Recent trends in DBF Rx technology development have utilized commercial off-the-shelf (COTS) standardized VME and VXI electronic mainframes and circuit boards which support a modular building-block approach to DBF system implementation. In many cases, however, it is desirable to implement DBF in a much smaller volume and with a much lower mass density. One concept now being explored by AFRL/SN is the layered integration of a planar digital signal processor architecture with a planar DBF phased array architecture, using modular tile-based DBF Rx technology in the interface between the array and processor layers. One potential benefit of this modular, scalable approach is the reuse of key electronic sub-systems across many different DBF arrays architectures. It is anticipated that the Air Force may achieve significant cost savings using modular DBF Rx components in scalable DBF phased array sensor architectures, with the most significant savings derived from reduced life-cycle system maintenance costs and multi-system amortization of non-recurring engineering costs of the modular array electronics.

The goal of the AFRL/SN X-Band Digital Beamforming Receiver program effort is to develop a new class of compact digital receiver technology tailored to handle the unique challenges of DBF at X-band. The primary emphasis of this effort will be to develop a new digital receiver architectural approach which adds several DBF-specific features and performance capabilities, while leveraging appropriate techniques and capabilities from the existing state-of-the-art of digital receiver technology used for radar and EW systems. DBF-specific capabilities that are of particular interest should include, but are not limited to the following: implementation of digital time delays; implementation of digital sub-banding; and implementation of module-level self-registration features that will allow a DBF Rx module to precisely adjust its timing of digital clock and synchronization signals, phasing of incident RF local oscillator signals, and phasing of RF calibrator pilot tones, injected at the module-level. This program seeks to establish new techniques and design approaches that can be used to implement these and other DBF-specific performance capabilities. These features should be organized into the following four (4) main sub-systems of the DBF Rx: a) RF sub-system, b) digital channelization sub-system, c) digital time delay and filtering sub-system, and d) digital self-registration sub-system. Engineering design trade analyses and design simulation and modeling performance analyses will be used to identify candidate approaches and to simulate the expected performance of all DBF Rx technology developed in this effort. This program also will rigorously demonstrate the validity of the new DBF receiver capabilities by the fabrication and testing of at least four (4), but preferably sixteen (16), prototype DBF receivers at X-band. The following basic guidelines, which are commensurate with the current state-of-the-art of digital receiver technology, shall serve as performance goals for this program: 1) RF Spurious Free Dynamic Range (SFDR): 72-84 dB; 2) Effective linear digital resolution: 12-14 bits; 3) Noise figure: 2-4 dB; 4) Continuous frequency tuning range: 8-12 GHz; 5) Instantaneous bandwidth: 200-1000 MHz; 6) Maximum length of digital time delays: 4 RF wavelengths at low end of tuning range; 7) Resolution of digital time delays: 0.125 RF wavelengths at high end of tuning range; 8) Digital clock jitter and ADC sampling synchronization: 2-10 picoseconds; 9) Number of digital sub-bands within instantaneous bandwidth: 20-100, of equal width; 10) DC power consumption: 1-5 W; 11) Physical Size: Not to exceed 1 x 4 x 4 inches.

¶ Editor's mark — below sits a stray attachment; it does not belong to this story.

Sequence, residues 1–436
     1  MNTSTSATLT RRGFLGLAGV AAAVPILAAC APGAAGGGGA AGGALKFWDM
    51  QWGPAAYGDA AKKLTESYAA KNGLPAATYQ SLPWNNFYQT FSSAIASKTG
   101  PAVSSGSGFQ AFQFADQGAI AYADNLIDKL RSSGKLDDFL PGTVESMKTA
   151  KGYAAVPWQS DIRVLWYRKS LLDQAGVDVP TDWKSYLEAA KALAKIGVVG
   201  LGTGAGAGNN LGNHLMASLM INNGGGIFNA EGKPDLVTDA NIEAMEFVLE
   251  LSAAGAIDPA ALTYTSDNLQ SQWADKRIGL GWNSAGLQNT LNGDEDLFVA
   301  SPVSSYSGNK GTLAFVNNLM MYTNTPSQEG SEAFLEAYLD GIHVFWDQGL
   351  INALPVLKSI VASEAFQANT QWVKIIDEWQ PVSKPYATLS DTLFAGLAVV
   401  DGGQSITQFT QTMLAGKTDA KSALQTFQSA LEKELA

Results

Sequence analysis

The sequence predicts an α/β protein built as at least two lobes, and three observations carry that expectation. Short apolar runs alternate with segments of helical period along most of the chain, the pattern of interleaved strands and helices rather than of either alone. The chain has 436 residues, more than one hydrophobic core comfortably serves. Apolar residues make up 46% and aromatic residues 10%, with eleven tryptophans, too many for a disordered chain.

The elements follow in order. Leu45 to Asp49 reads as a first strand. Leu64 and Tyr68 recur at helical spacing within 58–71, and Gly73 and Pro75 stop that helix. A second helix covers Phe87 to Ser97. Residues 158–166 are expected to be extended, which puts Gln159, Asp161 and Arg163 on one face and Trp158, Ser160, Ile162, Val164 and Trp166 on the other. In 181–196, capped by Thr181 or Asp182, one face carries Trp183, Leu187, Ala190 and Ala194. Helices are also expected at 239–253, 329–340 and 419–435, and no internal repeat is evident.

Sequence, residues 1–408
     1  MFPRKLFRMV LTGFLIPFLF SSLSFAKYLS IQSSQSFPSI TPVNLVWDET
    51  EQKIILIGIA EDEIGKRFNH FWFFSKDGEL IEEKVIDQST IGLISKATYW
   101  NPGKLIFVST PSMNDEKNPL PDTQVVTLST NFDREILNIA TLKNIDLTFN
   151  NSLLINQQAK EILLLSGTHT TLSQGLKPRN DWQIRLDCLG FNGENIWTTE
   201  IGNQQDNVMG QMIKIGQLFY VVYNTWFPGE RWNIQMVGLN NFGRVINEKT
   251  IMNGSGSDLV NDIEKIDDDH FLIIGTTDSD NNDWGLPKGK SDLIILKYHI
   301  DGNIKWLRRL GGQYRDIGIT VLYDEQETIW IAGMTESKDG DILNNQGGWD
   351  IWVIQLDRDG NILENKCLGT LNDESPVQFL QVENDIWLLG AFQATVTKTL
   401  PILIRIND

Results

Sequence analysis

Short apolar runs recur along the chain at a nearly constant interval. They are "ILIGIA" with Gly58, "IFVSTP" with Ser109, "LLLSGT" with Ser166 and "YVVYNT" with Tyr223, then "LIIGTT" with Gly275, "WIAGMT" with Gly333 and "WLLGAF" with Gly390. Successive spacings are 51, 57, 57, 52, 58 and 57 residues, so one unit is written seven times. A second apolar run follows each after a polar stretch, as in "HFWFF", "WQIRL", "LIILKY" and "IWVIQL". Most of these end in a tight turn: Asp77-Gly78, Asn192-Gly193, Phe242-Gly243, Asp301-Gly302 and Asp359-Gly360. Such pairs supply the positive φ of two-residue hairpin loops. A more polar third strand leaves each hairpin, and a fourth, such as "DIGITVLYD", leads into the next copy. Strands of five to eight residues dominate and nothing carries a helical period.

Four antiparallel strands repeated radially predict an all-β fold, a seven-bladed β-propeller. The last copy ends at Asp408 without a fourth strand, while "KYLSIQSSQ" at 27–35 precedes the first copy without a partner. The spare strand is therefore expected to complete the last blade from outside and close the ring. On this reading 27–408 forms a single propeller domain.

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Page last modified: 21-07-2011 00:48:27 ZULU